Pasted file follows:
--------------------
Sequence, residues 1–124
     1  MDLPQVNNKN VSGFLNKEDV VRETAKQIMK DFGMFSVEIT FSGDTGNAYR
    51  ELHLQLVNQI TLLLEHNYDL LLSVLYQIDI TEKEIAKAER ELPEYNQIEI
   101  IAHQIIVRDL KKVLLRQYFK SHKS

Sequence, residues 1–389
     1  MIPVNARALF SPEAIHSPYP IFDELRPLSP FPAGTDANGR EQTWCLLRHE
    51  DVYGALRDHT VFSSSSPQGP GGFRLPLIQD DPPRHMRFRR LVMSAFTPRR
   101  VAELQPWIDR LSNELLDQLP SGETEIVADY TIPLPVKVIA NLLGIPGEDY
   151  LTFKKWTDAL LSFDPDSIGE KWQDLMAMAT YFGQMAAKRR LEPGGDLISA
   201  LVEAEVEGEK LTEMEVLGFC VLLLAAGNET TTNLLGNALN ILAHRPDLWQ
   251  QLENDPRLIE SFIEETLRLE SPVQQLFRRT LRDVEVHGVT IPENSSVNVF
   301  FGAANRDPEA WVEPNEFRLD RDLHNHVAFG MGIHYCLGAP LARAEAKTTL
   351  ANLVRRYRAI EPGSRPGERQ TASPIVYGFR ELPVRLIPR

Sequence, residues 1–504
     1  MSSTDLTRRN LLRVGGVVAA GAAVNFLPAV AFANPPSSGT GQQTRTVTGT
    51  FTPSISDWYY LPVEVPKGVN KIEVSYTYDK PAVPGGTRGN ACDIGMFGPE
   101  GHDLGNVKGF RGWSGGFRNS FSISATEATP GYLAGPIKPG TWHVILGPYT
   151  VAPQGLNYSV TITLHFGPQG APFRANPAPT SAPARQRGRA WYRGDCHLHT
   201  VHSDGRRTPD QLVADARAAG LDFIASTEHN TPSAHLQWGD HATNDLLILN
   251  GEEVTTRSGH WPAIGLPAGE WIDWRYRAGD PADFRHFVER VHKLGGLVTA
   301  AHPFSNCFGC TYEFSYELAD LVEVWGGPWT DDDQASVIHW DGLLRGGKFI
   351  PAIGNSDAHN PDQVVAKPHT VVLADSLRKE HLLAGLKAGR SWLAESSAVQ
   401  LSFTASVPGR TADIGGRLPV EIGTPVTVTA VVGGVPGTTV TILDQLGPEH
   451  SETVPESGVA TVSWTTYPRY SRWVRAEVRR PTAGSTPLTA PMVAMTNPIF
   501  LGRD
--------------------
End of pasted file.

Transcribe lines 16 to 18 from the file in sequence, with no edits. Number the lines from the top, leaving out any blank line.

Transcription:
    51  FTPSISDWYY LPVEVPKGVN KIEVSYTYDK PAVPGGTRGN ACDIGMFGPE
   101  GHDLGNVKGF RGWSGGFRNS FSISATEATP GYLAGPIKPG TWHVILGPYT
   151  VAPQGLNYSV TITLHFGPQG APFRANPAPT SAPARQRGRA WYRGDCHLHT